F.D.A. ignoring negative impacts of feed ban: N.C.B.A.
of Article: http://www.meatnews.com/news/headline_stories.asp?ArticleID=101415
(MEATPOULTRY.com, April 07,
by Bryan Salvage
WASHINGTON — The Food and
Drug Administration’s April 6 decision to solicit public comments on
delaying the implementation of a new feed ban instead of on the ban itself
is being criticized by the National Cattlemen’s Beef Association.
Since proposed in 2005,
N.C.B.A. has opposed the enhanced feed ban. The association continues to
urge F.D.A. to open the rule to public comment and delay implementation
until they have had adequate time to consider the many problems caused by
across the country have been suffering as a result of this proposed rule
months before it is scheduled to take effect," said Dr. Elizabeth
Parker, chief veterinarian for N.C.B.A. "Members of Congress and the
Senate have joined N.C.B.A. in petitioning the F.D.A. to reopen the rule
itself for public comment so that the people impacted by the rule can share
their stories. Instead, the F.D.A. is only allowing seven days of comments
on whether to delay the implementation of the rule by 60 days. This is a
weak and ineffective response to the issues already arising from this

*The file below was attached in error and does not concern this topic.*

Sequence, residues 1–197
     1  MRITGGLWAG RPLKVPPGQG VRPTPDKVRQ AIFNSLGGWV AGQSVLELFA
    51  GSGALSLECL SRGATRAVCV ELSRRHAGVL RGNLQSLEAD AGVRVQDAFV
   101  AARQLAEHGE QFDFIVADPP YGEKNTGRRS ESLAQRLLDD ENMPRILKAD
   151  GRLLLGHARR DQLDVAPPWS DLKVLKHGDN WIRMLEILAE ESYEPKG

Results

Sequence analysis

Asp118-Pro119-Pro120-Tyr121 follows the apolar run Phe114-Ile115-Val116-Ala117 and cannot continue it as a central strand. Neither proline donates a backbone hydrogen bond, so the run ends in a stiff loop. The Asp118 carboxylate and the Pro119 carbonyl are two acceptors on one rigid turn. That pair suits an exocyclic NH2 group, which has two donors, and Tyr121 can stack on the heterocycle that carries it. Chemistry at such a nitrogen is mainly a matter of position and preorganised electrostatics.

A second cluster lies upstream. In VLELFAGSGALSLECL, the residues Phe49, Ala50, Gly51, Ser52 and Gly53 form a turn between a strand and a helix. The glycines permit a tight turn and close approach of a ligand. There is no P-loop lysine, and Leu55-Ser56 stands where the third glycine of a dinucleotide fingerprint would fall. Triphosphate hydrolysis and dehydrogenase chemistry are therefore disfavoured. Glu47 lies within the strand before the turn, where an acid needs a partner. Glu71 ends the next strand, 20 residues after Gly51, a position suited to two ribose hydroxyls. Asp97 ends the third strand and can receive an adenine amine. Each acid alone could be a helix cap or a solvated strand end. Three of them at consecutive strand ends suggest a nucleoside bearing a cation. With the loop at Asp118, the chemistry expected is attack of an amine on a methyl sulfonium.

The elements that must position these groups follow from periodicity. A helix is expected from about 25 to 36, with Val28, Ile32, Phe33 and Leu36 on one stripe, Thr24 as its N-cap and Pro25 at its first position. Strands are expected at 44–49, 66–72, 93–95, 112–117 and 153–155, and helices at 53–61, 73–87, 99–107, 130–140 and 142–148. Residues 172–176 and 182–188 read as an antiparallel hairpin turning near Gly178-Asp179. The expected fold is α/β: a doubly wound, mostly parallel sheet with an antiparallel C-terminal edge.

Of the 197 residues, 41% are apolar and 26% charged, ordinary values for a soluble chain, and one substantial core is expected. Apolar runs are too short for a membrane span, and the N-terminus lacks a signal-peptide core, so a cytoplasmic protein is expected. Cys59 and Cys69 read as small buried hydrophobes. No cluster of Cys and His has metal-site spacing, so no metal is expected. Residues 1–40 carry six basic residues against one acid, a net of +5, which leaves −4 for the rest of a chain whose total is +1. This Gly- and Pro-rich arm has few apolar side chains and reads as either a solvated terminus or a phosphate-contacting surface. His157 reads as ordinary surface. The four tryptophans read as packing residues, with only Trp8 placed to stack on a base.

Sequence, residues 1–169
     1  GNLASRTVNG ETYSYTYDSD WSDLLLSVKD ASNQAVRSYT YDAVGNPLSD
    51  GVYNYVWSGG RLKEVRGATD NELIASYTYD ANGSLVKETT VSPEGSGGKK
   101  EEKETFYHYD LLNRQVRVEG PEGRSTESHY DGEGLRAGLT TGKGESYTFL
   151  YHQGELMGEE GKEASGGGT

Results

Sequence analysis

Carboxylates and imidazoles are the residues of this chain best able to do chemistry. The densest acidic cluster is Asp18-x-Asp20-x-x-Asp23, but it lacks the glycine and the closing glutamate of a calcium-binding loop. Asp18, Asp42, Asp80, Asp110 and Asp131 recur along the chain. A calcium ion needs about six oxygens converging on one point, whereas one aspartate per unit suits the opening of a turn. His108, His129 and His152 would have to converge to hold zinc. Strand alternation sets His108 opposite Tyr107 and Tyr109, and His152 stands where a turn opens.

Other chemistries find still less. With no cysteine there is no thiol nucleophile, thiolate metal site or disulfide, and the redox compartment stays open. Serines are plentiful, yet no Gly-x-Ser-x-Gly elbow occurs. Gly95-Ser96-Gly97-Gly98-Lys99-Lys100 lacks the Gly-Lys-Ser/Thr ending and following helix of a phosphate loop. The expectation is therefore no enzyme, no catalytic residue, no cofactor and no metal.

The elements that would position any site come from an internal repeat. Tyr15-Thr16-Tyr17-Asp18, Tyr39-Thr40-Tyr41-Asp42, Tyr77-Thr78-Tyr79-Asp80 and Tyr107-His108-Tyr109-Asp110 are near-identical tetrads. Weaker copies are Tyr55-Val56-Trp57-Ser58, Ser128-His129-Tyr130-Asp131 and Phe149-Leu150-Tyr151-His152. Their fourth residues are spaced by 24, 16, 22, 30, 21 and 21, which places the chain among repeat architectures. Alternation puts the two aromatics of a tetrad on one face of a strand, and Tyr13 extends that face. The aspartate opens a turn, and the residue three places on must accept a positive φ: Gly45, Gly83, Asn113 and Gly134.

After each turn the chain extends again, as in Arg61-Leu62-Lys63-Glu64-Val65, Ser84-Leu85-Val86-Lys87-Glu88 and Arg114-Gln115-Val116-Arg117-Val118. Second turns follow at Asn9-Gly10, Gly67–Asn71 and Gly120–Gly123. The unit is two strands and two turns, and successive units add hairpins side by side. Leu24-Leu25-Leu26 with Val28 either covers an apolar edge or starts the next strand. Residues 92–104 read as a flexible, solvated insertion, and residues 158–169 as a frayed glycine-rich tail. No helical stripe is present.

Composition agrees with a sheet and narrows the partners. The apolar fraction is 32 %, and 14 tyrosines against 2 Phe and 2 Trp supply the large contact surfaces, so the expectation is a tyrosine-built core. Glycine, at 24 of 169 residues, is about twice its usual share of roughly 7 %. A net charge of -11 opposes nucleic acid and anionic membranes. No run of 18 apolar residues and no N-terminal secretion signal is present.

Industry and government
have worked together over the past two decades to put in place
science-based measures, which have proven successful in preventing and
reducing the spread of bovine spongiform encephalopathy in the U.S.,
N.C.B.A. said. B.S.E. incidence worldwide has dramatically decreased due to
the many measures put into place, including a series of interlocking
safeguards and science-based mitigation practices.
"We must continue to
look to the science to avoid over-regulating the industry and creating
policy that doesn’t meet our objective of a safer animal-health
system," Dr. Parker said.
The U.S. has prohibited
ruminant feed from including parts of other ruminants since 1997. N.C.B.A.
said this proactive "ruminant-to-ruminant" feed ban, combined
with other government and industry safeguards, has proven to be highly
successful in limiting B.S.E. in the U.S. herd. As a result, the U.S. has
an extremely low-level risk of B.S.E.
N.C.B.A. said the
enhanced feed ban would prohibit certain cattle-derived risk materials from
all animal feed. As a result, the enhanced feed ban would provide
negligible benefits to animal health or food safety. It would also create
tremendous costs for ranchers, exacerbate disposal issues and generate
environmental concerns. Many renderers stopped picking up dead livestock
because of the severe economic realities of this proposal as early as
"This rule has
essentially ended rendering services in many parts of the country, and left
producers with no legal alternatives," Dr. Parker says.
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